I don’t know about you, but in my perennial garden, fall cleanup can be hit or miss. Whether a function of limited time, gardener burnout or an early cold spell, some years I just let it all freeze dry in place till the spring. What I’ve found is there are some really good reasons to do less fall clean up and I’m not as lazy as I once thought.
Here’s the case for leaving most perennial flower garden cleanup for the spring:
- Dried foliage will help protect the crown of perennials from the freeze/thaw cycle; this is especially good for marginally hardy perennials. If you decide to prune, leave about 3-4 inches from the ground to avoid damaging the crown.
- Dead stems “mark” the plant and lessen the chance of accidentally digging it up or stomping on it in the spring. This can be really helpful for plants that wake up a bit later each spring (Threadleaf Coreopsis does this in my garden).
- Plants may drop seeds and give you additional seedlings to love or give to friends next year. Such was the case with the Black Eyed Susan’s/Goldsturm Rudbeckia in the photo above.
- Seed heads provide tasty food for birds.
- Enjoy the natural beauty of the winter landscape such as the ornamental grasses moving in the wind and the various colors and textures of foliage, which can be especially lovely when covered with a dusting of snow.
- Some plants highly prefer spring pruning, such as grasses and plants with semi-woody stems such as Munstead Lavender and Wild Thing Sage or Salvia Greggii. A spring haircut when new growth emerges often yields a plant with better form and growth. (Not to mention increased chance of winter survival).
- Early season flowering shrubs such as lilac have already put on the growth that produce next year’s flowers. If you cut now, you will not have blooms next spring. These plants should be pruned soon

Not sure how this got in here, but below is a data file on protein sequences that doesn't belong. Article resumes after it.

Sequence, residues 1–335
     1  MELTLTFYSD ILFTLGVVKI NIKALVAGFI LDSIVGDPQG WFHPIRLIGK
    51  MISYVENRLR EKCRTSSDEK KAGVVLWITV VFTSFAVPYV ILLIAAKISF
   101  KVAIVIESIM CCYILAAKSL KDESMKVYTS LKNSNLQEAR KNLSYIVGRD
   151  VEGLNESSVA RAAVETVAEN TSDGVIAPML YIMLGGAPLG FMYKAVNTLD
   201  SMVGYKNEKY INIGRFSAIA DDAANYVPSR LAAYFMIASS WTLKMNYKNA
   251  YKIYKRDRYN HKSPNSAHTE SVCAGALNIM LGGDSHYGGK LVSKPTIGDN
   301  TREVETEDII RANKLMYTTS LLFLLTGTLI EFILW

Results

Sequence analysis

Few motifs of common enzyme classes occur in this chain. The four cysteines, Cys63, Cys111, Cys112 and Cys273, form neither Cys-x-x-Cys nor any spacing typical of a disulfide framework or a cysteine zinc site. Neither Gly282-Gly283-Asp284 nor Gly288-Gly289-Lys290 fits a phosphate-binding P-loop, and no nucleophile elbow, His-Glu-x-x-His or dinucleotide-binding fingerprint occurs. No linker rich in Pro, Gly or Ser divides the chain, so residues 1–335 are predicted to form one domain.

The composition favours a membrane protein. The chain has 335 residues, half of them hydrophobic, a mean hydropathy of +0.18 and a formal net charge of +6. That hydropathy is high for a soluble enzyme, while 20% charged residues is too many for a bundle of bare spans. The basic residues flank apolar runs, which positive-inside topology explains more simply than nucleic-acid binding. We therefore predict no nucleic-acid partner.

after they are done blooming. A good general rule for lilacs is prune no later than July 4th.
Now, having said all that…here are beneficial fall care tips:
- Cut back overly assertive perennials whose seedlings take over the garden and become a nuisance. Denver Gold Columbine and Walker’s Low Catmint are prime examples in my garden.
- Remove leaves of plants that had powdery mildew or other foliage diseases. This will cut down the chance of the problem festering in the soil and re-emerging next spring.
- Trim long rose canes which can get damaged by the wind, otherwise don’t prune roses.
- Apply light mulch after plants have gone dormant, usually after a few hard freezes. Avoid packing mulch down too tightly so that beneficial moisture can reach the plant and the mulch does not spawn mildew or mold.
- Water during dry spells. When there is little fall/winter precipitation give the landscape a drink once a month, when temps are over 40 degrees and as early in the day as possible.
Personal preferences vary, so do what’s right for you. Just don’t beat yourself if you kick up your feet and leave most of the chores till the spring!
References for this post:
Written by Linda McDonnell, Denver County Master Gardener